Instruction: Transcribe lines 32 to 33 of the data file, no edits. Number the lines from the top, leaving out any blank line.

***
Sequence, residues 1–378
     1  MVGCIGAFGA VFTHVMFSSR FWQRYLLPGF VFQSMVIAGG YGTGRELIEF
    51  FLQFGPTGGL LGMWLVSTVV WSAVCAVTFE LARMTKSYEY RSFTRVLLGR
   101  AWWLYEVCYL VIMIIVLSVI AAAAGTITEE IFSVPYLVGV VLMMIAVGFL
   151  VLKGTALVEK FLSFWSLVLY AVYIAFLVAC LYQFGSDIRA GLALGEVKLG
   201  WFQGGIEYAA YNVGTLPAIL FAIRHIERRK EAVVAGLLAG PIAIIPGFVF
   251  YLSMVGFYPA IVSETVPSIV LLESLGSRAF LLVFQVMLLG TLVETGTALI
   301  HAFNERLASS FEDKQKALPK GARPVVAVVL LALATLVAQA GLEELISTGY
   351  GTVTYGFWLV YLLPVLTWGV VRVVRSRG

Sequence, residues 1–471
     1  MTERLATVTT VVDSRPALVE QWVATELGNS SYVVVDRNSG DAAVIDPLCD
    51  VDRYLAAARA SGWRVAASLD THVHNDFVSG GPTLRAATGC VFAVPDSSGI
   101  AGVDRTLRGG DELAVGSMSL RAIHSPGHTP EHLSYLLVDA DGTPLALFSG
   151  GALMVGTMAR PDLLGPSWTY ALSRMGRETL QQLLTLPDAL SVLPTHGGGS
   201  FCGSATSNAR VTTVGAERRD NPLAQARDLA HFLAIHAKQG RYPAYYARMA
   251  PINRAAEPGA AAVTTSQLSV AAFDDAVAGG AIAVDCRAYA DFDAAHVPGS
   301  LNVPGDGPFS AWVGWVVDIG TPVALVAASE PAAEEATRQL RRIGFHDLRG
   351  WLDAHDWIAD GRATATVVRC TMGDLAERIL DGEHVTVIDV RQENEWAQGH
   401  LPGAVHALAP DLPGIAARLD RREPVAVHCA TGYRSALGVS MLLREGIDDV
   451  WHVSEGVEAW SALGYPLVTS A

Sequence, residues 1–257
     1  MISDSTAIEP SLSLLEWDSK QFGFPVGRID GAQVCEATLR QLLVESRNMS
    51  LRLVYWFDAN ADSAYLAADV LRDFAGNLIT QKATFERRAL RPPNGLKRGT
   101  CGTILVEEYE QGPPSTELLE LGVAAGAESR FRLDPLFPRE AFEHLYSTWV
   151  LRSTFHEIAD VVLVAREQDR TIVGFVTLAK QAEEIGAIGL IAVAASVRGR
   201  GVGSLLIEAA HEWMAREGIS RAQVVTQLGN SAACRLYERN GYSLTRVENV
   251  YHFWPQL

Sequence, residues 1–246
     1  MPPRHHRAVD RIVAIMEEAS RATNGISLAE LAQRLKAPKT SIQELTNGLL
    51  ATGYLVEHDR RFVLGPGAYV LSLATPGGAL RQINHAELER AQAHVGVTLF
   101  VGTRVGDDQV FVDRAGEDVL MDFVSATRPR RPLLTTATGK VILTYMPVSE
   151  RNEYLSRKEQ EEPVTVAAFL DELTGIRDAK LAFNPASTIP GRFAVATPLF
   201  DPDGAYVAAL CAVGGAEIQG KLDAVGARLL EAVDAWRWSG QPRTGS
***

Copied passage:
   151  RNEYLSRKEQ EEPVTVAAFL DELTGIRDAK LAFNPASTIP GRFAVATPLF
   201  DPDGAYVAAL CAVGGAEIQG KLDAVGARLL EAVDAWRWSG QPRTGS